[Python-Dev] Add transform() and untranform() methods
ncoghlan at gmail.com
Sat Nov 16 14:05:49 CET 2013
On 16 November 2013 21:49, M.-A. Lemburg <mal at egenix.com> wrote:
> On 16.11.2013 01:47, Victor Stinner wrote:
>> Adding transform()/untransform() method to bytes and str is a non
>> trivial change and not everybody likes them. Anyway, it's too late for
>> Python 3.4.
> Just to clarify: I still like the idea of adding those methods.
> I just don't see what this addition has to do with the codecs.encode()/
> .decode() functions.
Part of the interest here is in making Python 3 better compete with
the ease of the following in Python 2:
Until recently, I (and others) thought the best Python 3 had to offer was:
>>> import codecs
In reality, though, Python 3 has always supported the following, it
just wasn't documented so I (and others) didn't know it had actually
been available as an alternative interface to the codecs machinery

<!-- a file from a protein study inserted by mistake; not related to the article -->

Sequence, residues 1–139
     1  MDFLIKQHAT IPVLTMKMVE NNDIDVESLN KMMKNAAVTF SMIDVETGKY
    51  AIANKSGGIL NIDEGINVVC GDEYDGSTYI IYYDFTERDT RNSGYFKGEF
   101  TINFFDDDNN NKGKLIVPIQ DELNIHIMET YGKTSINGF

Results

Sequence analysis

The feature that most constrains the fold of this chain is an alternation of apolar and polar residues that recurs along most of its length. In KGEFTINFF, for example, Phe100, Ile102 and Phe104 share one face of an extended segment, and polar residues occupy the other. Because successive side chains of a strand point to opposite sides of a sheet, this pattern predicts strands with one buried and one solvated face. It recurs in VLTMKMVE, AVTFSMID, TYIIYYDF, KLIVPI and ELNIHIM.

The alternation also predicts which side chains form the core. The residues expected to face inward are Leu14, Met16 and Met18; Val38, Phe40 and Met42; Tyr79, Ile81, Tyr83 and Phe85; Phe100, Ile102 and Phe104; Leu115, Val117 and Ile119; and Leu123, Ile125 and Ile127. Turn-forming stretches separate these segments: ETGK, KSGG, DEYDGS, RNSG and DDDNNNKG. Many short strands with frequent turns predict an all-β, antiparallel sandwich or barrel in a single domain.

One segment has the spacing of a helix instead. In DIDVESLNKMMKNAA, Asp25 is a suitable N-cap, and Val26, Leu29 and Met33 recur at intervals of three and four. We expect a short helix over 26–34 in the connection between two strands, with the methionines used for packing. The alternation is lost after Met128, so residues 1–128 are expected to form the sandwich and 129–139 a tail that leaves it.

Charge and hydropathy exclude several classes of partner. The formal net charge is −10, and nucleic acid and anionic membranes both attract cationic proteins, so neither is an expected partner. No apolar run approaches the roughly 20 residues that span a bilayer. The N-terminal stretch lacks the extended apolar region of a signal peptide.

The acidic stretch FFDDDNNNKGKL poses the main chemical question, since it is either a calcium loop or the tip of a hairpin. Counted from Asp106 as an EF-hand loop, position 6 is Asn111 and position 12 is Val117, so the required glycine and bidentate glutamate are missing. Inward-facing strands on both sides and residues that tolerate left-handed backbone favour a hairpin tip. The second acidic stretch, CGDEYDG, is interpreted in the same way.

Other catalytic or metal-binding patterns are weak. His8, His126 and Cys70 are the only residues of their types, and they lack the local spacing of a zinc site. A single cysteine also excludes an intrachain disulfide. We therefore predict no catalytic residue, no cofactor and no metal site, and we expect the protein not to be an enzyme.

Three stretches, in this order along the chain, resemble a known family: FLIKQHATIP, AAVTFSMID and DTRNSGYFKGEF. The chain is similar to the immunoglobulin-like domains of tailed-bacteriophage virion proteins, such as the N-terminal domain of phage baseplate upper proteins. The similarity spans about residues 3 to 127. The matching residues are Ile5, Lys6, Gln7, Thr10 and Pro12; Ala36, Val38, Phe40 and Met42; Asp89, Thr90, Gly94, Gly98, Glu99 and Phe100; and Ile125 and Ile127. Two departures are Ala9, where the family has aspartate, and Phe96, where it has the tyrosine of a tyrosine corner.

since Python 2.4:
>>> from codecs import encode, decode
>>> encode("hello", "hex")
>>> decode("68656c6c6f", "hex")
That's almost as clean as the Python 2 version, it just requires the
initial import of the convenience functions from the codecs module.
The fact it is supported in Python 2 means that 2/3 compatible codecs
can also use it.
Accordingly, I now see ensuring that everyone has a common
understanding of *what is already available* as an essential next
step, and only then consider significant changes in the codecs
mechanisms*. I know I learned a hell of a lot about the distinction
between the type agnostic codec infrastructure and the Unicode text
model over the past several months, and I think this thread shows
clearly that there's still a lot of confusion over the matter, even
amongst core developers. That's a problem, and something we need to
fix before giving further consideration to the transform/untransform
*(Victor's proposal in issue 19619 is actually relatively modest, now
that I understand it properly, and entails taking the existing output
type checks and making it possible to do them in advance, without
touching input type checks)
Nick Coghlan | ncoghlan at gmail.com | Brisbane, Australia
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